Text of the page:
(3)As I got older, and started working, rainy days came to be just another nuisance and my childhood dreams of finding treasure faded. But for some people the dream of striking it lucky never fades, and for a fortunate few, the dream even comes true! Such is the case of Mel Fisher. His dream of finding treasure also began in childhood, while reading the great literature classics “Treasure Island” and “Moby Dick”. However, unlike myself, he chased his dream and in the end managed to become one of the most famous professional treasure hunters of all time, and for good reason. In 1985, he fished up the priceless cargo of the sunken Spanish ship Atocha, which netted him an incredible $400 million dollars!

(4)After the ship sank in 1622 off the coast of Florida, its murky waters became a treasure trove of precious stones, gold bars and silver coins known as “pieces of eight”. The aptly-named Fisher, who ran a commercial salvaging operation, had been trying to locate the underwater treasure for over 16 years when he finally hit the jackpot! His dreams had come true but finding and keeping the treasure wasn’t all plain sailing. After battling with hostile conditions at sea, Fisher then had to battle in the courts. In fact, the State of Florida took Fisher to court over ownership of the find and the Federal government soon followed suit. After more than 200 hearings, Fisher agreed to donate 20% of his yearly findings for public display, and so now there is a museum in Florida which displays hundreds of the objects which were salvaged from the Atocha.

(5)This true story seems like a modern-day fairytale: a man pursues his dream through adversity and in the end, he triumphs over the difficulties - they all live happily ever after, right? Well, not exactly. Archaeologists object to the fact that with commercial salvaging operations like Fisher’s, the objects are sold and dispersed and UNESCO are worried about protecting our underwater heritage from what it describes as “pillaging”.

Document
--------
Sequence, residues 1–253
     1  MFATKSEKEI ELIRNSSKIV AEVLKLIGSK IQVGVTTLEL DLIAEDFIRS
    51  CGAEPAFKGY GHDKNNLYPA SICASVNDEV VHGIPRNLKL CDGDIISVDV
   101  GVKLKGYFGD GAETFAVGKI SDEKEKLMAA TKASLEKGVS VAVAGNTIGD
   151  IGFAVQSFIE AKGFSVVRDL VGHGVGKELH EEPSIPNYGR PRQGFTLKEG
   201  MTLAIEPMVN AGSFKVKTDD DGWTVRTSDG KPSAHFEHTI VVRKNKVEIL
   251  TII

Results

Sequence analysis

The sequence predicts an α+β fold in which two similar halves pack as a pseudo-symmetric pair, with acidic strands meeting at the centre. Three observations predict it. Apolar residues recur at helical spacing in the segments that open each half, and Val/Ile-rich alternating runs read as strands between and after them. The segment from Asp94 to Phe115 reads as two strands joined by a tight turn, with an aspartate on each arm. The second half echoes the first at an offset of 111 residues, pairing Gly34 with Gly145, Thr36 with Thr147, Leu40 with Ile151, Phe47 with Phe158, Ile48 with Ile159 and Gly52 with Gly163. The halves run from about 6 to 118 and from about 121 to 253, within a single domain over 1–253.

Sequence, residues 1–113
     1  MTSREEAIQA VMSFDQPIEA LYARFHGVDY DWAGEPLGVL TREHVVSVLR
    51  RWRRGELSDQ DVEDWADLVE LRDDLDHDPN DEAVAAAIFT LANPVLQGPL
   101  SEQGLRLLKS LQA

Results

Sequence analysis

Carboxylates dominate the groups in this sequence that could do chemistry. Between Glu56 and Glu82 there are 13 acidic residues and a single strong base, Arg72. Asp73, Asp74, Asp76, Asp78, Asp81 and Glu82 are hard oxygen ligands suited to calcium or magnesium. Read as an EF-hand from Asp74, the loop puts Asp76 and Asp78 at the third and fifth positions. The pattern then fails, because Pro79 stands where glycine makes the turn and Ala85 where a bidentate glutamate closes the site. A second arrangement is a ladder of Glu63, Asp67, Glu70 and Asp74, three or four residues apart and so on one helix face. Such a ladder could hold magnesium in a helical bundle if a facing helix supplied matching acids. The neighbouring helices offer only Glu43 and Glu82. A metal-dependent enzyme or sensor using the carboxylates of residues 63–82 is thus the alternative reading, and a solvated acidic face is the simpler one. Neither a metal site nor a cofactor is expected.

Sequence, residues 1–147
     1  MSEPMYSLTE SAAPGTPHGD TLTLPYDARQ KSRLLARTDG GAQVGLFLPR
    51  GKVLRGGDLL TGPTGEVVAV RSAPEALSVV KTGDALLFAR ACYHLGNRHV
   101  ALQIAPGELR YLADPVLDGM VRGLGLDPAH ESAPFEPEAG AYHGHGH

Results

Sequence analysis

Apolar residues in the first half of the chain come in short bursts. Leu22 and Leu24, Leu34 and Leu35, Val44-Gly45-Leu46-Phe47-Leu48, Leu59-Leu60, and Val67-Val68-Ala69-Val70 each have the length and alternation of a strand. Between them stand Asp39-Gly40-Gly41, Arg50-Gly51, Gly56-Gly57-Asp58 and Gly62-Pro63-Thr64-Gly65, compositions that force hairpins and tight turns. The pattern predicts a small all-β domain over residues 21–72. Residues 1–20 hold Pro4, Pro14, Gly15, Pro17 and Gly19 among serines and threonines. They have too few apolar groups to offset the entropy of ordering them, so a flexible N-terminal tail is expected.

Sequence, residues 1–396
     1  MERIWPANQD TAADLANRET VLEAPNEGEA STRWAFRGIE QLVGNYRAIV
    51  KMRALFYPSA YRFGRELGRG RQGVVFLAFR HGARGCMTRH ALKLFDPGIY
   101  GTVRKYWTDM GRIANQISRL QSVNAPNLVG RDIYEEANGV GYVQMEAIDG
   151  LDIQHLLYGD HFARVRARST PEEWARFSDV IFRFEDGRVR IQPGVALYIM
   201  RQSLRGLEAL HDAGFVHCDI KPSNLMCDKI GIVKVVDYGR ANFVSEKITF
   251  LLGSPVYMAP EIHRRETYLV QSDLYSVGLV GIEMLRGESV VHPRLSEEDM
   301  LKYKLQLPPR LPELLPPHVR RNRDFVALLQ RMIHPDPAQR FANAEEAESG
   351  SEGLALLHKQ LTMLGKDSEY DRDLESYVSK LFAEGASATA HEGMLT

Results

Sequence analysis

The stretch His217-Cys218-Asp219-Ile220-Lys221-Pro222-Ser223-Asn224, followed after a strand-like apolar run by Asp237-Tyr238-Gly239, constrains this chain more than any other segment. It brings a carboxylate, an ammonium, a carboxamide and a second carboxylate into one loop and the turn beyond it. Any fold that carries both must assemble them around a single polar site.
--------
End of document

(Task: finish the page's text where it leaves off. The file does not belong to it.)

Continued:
(6)The counter-argument is that in professional, well-run operations such as Fisher’s, each piece is accurately and minutely recorded and that it is this information which is more important than the actual object, and that such operations help increase our wealth of archaeological knowledge. Indeed, as in Fisher’s case, they make history more accessible to people through museum donations and information on web sites.

(7)The distinction of whether these treasure hunters are salvaging or pillaging our underwater heritage may not be clear, but what is clear is that treasure hunting is not just innocent child’s play anymore but profitable big business. I have learnt that the end of the rainbow is beyond my reach, but in consolation, with just a click of the mouse, I too can have a share in the riches that the Atocha has revealed. As Friedrich Nietzsche so wisely said: “Our treasure lies in the beehive of our knowledge.”

41. In Para.4, the phrase “hit the jackpot” means ______according to the text. A. discovered the jackpot. B. found the treasure C. broke one of the objects D. ran a salvaging operation

42. It can be concluded from Paras. 5 and 6 that _________. A. people hold entirely different views on the issue B. UNESCO’s view is different from archaeologists’ C. all salvaging operations should be prohibited D. attention should be paid to the find’s educational value

43. How did the author feel about the treasure from the Atocha (Para. 7)? A. She was unconcerned about where the treasure came from B. She was sad that she was unable to discover and salvage treasure. C. She was angry that treasure hunters were pillaging heritage. D. She was glad that people can have a chance to see the treasure.

Passage two